The study of conformal field theories—quantum field theories, generally defined in two dimensions, invariant under conformal transformations (loosely “shape-preserving”) of spacetime—is the cornerstone of fields as diverse as critical phenomena, black holes, and string theory. There is, by now, a large body of literature devoted to the extraction of detailed physical properties of such conformal field theories based on powerful algebraic methods. The key reason behind the solvability of conformal field theories is that the conformal invariance in two spacetime dimensions implies an infinite number of symmetries, thus severely restricting the physical properties of the theories for which conformal transformations are a preserved symmetry. However, an interesting converse question may be asked. Given a two-dimensional field theory, invariant under a finite number of symmetries, under what conditions can one expect the dynamical system to be conformally invariant?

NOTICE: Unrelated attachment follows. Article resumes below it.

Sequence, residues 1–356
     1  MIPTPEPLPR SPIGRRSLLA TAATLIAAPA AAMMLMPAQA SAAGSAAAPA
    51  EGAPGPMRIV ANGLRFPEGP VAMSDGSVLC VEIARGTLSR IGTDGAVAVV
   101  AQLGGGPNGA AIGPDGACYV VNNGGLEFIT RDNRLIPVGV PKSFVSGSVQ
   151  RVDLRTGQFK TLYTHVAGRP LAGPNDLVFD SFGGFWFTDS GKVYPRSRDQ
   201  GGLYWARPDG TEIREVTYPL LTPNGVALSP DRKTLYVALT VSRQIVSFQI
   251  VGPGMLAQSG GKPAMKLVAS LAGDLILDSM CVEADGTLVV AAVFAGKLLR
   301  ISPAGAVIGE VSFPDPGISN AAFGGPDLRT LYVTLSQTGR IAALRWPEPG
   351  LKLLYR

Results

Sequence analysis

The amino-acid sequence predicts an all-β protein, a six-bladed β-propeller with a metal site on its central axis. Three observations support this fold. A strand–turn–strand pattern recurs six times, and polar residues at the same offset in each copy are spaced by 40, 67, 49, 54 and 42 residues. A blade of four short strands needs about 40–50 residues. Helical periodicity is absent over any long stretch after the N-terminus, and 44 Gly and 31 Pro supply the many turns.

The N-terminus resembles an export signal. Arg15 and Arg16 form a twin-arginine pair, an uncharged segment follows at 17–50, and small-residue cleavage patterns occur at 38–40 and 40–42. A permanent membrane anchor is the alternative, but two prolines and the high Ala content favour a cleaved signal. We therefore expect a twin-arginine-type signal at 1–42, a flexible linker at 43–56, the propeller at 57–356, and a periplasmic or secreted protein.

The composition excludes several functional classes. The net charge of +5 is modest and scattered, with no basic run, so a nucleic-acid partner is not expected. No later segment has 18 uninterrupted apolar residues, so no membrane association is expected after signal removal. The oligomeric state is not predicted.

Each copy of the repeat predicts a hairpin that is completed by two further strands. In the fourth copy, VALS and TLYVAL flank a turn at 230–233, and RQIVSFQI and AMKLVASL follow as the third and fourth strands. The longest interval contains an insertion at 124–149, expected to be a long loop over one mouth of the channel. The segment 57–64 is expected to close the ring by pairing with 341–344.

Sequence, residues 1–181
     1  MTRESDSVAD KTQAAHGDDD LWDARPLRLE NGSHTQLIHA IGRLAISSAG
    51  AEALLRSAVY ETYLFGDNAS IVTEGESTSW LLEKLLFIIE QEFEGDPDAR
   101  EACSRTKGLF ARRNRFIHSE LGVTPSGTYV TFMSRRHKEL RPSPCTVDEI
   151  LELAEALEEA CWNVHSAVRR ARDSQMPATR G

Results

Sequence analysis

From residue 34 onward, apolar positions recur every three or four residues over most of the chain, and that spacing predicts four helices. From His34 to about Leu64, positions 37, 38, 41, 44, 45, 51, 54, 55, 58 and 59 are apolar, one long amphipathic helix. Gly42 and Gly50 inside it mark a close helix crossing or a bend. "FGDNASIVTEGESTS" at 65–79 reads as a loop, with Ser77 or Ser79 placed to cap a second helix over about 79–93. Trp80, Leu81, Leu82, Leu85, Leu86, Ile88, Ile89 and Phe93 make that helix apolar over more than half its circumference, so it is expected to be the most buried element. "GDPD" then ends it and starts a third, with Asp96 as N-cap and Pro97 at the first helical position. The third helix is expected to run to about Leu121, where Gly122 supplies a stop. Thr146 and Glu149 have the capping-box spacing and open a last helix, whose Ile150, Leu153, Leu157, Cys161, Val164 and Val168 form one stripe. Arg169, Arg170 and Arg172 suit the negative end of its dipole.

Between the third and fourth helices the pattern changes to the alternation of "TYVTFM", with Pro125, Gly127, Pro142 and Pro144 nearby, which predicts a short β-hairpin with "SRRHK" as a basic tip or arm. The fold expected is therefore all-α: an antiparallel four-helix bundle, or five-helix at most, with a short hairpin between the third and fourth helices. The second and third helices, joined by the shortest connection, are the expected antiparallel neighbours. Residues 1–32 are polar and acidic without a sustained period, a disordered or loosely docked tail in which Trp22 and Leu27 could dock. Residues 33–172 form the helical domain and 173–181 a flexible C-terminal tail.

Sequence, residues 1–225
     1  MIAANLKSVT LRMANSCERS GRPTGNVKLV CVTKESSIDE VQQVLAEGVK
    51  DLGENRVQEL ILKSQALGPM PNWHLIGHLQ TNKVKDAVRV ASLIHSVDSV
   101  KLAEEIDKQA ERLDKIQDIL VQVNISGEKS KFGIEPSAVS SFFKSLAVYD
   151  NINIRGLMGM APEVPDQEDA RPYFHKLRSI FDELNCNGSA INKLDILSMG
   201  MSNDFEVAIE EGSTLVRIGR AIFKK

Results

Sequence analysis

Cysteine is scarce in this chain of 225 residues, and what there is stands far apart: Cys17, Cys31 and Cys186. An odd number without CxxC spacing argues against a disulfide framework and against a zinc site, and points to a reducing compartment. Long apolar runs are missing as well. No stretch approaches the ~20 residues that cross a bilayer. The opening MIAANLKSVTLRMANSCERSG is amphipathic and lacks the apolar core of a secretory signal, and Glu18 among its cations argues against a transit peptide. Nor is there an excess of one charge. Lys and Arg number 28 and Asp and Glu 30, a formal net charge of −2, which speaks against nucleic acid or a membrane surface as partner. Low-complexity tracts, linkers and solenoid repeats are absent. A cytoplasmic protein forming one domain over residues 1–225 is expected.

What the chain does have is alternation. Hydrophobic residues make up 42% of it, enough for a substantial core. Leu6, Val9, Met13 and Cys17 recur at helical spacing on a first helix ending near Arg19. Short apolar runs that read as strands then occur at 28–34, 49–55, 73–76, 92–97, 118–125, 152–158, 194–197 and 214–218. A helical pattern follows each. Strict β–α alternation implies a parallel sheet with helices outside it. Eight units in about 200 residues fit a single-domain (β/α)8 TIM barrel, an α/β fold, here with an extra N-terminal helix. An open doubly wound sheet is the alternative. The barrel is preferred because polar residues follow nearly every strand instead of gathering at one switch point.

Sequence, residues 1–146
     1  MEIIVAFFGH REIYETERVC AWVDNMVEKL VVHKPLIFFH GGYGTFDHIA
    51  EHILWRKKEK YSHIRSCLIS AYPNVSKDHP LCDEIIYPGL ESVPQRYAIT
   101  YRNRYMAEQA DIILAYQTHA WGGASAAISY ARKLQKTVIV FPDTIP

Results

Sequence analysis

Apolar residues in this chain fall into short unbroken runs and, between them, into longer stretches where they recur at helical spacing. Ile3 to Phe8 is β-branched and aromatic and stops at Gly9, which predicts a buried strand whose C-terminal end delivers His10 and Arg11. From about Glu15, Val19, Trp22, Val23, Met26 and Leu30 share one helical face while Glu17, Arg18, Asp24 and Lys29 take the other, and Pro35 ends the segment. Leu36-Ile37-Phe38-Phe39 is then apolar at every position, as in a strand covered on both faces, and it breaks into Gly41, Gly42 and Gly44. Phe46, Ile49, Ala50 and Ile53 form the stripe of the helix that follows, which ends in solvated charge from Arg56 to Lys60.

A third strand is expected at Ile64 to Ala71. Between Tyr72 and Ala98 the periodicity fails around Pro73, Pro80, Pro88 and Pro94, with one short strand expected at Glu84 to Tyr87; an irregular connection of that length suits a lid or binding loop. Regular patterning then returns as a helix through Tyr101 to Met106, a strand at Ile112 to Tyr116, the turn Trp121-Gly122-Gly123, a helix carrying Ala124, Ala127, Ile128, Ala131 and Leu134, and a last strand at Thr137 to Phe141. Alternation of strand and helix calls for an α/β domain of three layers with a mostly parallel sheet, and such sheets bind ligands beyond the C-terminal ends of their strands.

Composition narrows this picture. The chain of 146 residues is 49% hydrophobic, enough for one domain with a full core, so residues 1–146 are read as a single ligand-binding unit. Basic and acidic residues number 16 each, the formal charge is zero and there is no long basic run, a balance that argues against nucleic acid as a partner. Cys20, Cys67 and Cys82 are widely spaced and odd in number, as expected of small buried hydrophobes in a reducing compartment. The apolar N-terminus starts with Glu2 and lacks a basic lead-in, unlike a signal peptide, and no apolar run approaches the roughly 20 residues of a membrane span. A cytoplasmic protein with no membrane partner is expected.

Writing in Physical Review Letters, Diego Hofman and Andrew Strominger from Harvard University study and partially answer this question. The authors show that given a two-dimensional theory with translational and partial scale invariance—a rather minimal set of assumptions—the requirements of locality, unitarity, and a positive spectrum force the field theory to have an infinite number of additional symmetries. The added symmetries are conformal transformations and generalizations thereof. This powerful conclusion, obtained about a large class of models, is expected to be relevant to diverse areas of physics research, in particular, to the applications of the gauge-gravity duality in condensed matter physics. – Abhishek Agarwal